Alan Titchmarsh offers tips on watering tomato plants
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There’s nothing better than a juicy, sweet tomato in the summertime, whether it’s served in a simple fresh salad or whizzed up into your favourite sauce, and they taste even better when they’re homegrown. What’s more, tomatoes are the perfect choice for ‘grow your own’ beginners, as just a couple of plants will reward you with lots of fresh, flavoursome fruits all throughout the season. But how do you grow this tasty fruit?
Experts at plant fertiliser brand Phostrogen claimed that following these tips, gardeners can “grow bigger, better and tastier tomatoes in gardens, greenhouses or any sunny spot”.
The first thing to consider is where tomatoes will be growing, said the pros.
They explained: “Smaller varieties, like bitesize sweet cherry tomatoes, may work best in a hanging basket and don’t need much space, whereas full-flavoured, meaty beefsteaks will require much more space and a stake or trellis to grow up.”
For gardeners new to growing tomatoes, they may want to explore “disease resistant, hardy plant varieties” or opt for a “tomato bush variety: over cordon tomatoes, as these are generally easier to maintain”, according to the experts.
Tomato plants: ‘Secret’ to growing ‘bigger and tastier’ tomatoes aside from a ‘sunny spot’ (Image: GETTY)
Tomatoes are easy to grow from seeds and can be sown in containers in a greenhouse or sunny spot in March and April, and will be ready to harvest from July onwards.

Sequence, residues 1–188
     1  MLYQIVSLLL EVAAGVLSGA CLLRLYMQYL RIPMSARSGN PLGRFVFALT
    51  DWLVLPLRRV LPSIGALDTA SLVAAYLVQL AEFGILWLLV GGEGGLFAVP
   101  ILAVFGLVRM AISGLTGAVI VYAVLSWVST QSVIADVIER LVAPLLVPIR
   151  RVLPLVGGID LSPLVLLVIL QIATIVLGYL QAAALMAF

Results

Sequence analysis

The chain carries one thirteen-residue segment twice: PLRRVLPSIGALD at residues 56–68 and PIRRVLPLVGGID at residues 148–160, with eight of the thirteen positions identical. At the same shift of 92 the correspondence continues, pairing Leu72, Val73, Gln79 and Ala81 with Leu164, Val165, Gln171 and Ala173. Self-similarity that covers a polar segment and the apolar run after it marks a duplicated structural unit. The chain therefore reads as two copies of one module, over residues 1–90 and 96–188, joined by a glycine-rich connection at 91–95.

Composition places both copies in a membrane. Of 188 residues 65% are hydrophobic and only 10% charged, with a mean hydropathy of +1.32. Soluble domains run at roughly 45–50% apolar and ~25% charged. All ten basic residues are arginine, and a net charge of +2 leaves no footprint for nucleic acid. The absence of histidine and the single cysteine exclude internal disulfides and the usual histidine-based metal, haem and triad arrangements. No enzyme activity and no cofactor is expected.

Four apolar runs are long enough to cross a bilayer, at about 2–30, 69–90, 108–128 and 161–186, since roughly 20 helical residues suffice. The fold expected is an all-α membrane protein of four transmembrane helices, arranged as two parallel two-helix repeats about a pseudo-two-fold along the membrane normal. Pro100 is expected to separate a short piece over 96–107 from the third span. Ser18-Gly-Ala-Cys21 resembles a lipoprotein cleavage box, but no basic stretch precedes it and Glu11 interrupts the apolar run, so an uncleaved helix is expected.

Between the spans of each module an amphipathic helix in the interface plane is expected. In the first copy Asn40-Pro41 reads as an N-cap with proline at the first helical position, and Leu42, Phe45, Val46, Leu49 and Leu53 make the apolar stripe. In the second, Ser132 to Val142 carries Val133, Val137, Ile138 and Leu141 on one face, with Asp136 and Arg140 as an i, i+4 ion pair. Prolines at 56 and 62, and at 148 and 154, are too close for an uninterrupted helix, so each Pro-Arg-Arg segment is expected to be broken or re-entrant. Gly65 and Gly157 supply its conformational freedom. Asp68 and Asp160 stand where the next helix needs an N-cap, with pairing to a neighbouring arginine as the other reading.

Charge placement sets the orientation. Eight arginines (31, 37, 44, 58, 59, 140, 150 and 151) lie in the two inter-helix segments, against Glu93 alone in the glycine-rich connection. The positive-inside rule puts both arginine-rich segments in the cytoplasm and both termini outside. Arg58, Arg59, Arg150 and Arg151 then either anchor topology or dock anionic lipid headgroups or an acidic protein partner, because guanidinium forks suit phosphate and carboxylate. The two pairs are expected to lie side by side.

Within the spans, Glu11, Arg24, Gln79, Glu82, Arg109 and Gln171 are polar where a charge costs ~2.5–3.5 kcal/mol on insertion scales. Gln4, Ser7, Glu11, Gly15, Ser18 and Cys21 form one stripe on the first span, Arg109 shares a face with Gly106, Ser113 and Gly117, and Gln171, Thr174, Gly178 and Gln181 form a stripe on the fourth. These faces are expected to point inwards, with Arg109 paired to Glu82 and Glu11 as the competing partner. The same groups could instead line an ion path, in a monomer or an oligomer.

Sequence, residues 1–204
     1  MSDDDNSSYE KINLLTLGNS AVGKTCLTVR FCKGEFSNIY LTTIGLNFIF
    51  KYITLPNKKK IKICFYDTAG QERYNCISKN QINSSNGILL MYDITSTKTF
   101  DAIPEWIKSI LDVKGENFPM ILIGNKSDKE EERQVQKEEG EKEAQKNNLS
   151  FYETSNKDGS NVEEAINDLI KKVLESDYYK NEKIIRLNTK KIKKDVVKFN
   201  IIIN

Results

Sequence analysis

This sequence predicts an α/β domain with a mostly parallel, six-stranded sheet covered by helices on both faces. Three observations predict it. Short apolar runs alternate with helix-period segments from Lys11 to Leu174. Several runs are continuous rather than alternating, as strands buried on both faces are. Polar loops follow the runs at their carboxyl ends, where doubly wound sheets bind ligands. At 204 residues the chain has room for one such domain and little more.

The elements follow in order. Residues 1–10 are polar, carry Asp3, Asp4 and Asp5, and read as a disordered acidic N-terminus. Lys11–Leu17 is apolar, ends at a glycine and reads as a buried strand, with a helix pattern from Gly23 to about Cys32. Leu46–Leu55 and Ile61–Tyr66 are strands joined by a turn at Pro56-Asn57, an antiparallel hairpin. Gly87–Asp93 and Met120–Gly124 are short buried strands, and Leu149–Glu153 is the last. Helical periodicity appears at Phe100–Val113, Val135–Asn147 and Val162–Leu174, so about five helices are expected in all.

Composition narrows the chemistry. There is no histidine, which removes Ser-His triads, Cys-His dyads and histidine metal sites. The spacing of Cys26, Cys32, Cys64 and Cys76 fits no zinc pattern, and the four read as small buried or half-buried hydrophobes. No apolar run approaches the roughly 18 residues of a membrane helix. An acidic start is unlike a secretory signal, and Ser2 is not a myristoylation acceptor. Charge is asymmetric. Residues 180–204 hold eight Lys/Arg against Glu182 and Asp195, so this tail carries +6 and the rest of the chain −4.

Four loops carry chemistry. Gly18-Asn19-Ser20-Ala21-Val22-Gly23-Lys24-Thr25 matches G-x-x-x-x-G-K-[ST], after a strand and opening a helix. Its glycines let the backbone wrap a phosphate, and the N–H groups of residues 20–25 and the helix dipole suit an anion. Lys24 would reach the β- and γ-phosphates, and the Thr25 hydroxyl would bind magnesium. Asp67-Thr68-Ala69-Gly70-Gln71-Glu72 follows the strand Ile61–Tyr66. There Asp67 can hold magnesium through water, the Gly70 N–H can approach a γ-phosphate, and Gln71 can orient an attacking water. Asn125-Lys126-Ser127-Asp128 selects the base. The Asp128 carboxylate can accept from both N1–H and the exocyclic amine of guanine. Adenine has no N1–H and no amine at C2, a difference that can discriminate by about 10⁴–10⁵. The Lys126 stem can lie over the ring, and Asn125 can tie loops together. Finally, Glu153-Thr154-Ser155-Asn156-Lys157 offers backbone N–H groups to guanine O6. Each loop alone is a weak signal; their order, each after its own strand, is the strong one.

The gardening gurus suggested: “Try staggering the dates of when you plant your seeds to ensure you have a steady supply of tomatoes throughout the summer.
“Once your seeds have germinated and are approximately three inches tall, seedlings can be transferred to a sunny position outside either in containers or the ground.”
It’s important to choose a sunny, sheltered spot – east or south-facing areas are usually best for maximum afternoon sunshine.
Gardeners can also get young plants from all garden centres if you’d like a head start.
When gardeners are ready to transfer seedlings or young plants, they should gently plant the stems into soil, giving each plant plenty of space.
For tomato varieties that require a stake, “tie plants onto canes with a figure of eight knot to avoid chafing, and don’t forget to mulch”, said the pros.
Phostrogen experts warned gardeners of late frosts that can occur during the spring which could kill seedlings.
Tomato plants: Give each tomato plant plenty of space when planting them in the soil (Image: GETTY)
Most importantly, gardeners should never forget to fertilise their tomato plants and this is what gives the fruit their nutrients.
The experts said: “Aside from a good sunny spot, the secret to growing tomatoes is in the soil – you need nutrient rich compost to ensure your plant grows big, juicy tomatoes.
“The leaves and fruits of a tomato plant consume a lot of nutrients, so it’s essential you feed your plants using a specialist fertiliser.
“Phostrogen® Organic Tomato Food is ideal for increasing your yield and producing lots of tasty tomatoes.
“Enriched with seaweed, it provides your plant with the perfect balance of nutrients thanks to an N-P-K of 3-2-7.
Gardening planner: When to grow certain vegetables (Image: EXPRESS)
“Available in a handy concentrated liquid, simply mix the recommended dosage into your watering can and water weekly for best results.”
When watering tomato plants, there is a particular way gardeners should carry out the task without causing the plant to develop diseases.
The experts advised: “When it comes to watering, try not to wet the leaves as this can encourage disease such as blight to spread, but ensure that tomato plants aren’t allowed to dry out as this increases the risk of blossom end rot.
“Keep soil consistently moist, as fluctuating levels can stunt growth and encourage disease, and remove side-shoots to promote a healthy, full growth.”